In the above-described embodiment, half-mirrors are used to make the optical axes for the image pickup systems coincident with each other, but prisms can be used instead for the same effects. Furthermore, two TV cameras are used in the described embodiment, three or more TV cameras may be disposed in the same coaxial optical system to inspect more complicated articles with higher precision.

In the above-described embodiment, a thermal printer head is an article to be inspected, but integrated circuit devices with lead frames which have no difference in level between the IC's and substrate can be inspected by the apparatus. Thus, the present invention can be used for wire bond defect detection for any types of integrated circuit devices with bonded wires.

As described, the inspection apparatus according to the present invention comprises a plurality of image pickup means which have their focal planes displaced from each other and are disposed to pick up the image of a wire to be inspected through a common optical system; illumination means having an optical axis coincident with the common optical axis of said image pickup means; diagonal illumination means for directing illuminating light diagonally to the wire; control means for controlling the light emitting timing of the respective illumination means; image storage means for digitizing outputs of the plurality of image pickup means and storing the digitized outputs in a plurality of image memory locations; an image processing unit for reading out contents of the image storage means and determining the positions of wire bonds and the positions of the top portion of the wire, the rising angles of the wire at the intersections with the respective ones of the focal planes of the image pickup means, and the lateral displacement of the wire; and a judgment unit for utilizing the result of the determination made in the image processing unit for making judgment as to whether the wire bonds are acceptable or to be rejected. With this inspection apparatus, even when wires are arranged densely, wire bond positions can be detected correctly, and the shape of the wire can be inspected in three dimensions so that undesirable bends, sagging, lateral leaning and like three-dimensional defects of the wires can be detected. Furthermore, the apparatus of the present invention can detect displacements of wire bends.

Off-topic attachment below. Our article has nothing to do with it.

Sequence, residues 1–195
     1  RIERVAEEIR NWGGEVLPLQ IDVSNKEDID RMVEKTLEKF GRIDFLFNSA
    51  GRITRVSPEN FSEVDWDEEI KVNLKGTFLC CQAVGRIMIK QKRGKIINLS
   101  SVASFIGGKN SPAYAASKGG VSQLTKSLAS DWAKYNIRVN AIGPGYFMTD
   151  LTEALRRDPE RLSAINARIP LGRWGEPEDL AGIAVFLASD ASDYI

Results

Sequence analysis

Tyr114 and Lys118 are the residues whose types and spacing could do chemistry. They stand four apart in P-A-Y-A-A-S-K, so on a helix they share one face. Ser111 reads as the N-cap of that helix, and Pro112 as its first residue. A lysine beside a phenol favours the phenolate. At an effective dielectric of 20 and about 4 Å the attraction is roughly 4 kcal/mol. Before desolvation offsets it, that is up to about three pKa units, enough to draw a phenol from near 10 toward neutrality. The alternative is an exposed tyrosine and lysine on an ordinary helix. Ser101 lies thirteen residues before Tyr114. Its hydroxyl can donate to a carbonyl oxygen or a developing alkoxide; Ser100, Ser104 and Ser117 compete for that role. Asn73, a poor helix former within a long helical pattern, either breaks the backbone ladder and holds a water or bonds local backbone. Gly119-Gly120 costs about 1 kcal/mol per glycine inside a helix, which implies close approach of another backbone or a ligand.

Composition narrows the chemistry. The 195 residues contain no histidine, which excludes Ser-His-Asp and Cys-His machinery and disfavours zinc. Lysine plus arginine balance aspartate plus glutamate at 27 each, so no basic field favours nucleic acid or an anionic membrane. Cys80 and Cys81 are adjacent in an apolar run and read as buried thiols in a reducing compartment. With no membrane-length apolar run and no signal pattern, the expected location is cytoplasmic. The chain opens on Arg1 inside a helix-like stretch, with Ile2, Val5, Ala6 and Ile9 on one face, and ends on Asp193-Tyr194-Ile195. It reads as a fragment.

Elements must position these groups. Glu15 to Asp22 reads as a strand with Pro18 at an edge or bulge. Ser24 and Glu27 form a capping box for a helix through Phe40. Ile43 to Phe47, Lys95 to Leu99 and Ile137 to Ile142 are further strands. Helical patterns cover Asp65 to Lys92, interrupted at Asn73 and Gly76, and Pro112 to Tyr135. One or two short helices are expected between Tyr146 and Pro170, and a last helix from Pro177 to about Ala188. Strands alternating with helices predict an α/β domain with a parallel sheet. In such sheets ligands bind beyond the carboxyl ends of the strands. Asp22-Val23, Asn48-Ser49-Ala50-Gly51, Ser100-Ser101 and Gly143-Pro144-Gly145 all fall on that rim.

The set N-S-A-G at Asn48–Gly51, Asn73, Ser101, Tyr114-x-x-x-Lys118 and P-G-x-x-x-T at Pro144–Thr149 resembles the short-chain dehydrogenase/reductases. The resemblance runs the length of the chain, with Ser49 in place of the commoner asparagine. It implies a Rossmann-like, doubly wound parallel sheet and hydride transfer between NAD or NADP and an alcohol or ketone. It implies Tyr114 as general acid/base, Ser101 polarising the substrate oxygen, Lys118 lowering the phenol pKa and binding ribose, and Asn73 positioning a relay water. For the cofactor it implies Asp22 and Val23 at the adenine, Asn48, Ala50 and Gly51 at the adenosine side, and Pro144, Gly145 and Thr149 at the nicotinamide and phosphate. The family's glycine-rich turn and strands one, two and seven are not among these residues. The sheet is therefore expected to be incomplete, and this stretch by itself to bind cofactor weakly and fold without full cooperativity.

In the foregoing description, the term "wire" has been used, but the present invention is applicable not only to wires but also to any elongated articles like wires.

Patent Citations
Cited PatentFiling datePublication dateApplicantTitle
US4199253 *Apr 19, 1978Apr 22, 1980Solid Photography Inc.Methods and systems for three-dimensional measurement
Non-Patent Citations
Reference
1A. L. Pal, et al. "A Feasibility Study, ect." Journal of Rabotic Systems, 5 (2), 147-179 (1988).
2 *A. L. Pal, et al. A Feasibility Study, ect. Journal of Rabotic Systems, 5 (2), 147 179 (1988).
3 *Nikkei Electronics, May 16, 1988, No. 447 p. 99.
Referenced by
Citing PatentFiling datePublication dateApplicantTitle
US5032735 *Mar 1, 1990Jul 16, 1991Omron CorporationMethod of and apparatus for inspecting printed circuit boards
US5148375 *Nov 15, 1990Sep 15, 1992Matsushita Electric Industrial Co., Ltd.Soldering appearance inspection apparatus
US5170062 *Oct 11, 1991Dec 8, 1992Kabushiki Kaisha ToshibaWire bonding inspecting apparatus with moving imaging area
US5224172 *Jul 18, 1991Jun 29, 1993Murata Kikai Kabushiki KaishaFor detecting an irregular condition on a package
US5243406 *Jul 3, 1991Sep 7, 1993Fujitsu LimitedMethod and apparatus for measuring three-dimensional configuration of wire-shaped object in a short time
US5321766 *Apr 30, 1991Jun 14, 1994Siemens AktiengesellschaftMethod and apparatus for system documentation
US5329597 *Feb 22, 1991Jul 12, 1994Amada Company, Ltd.Device and method for measuring angles of a work
US5347362 *Dec 1, 1992Sep 13, 1994Kabushiki Kaisha ShinkawaBonding wire inspection method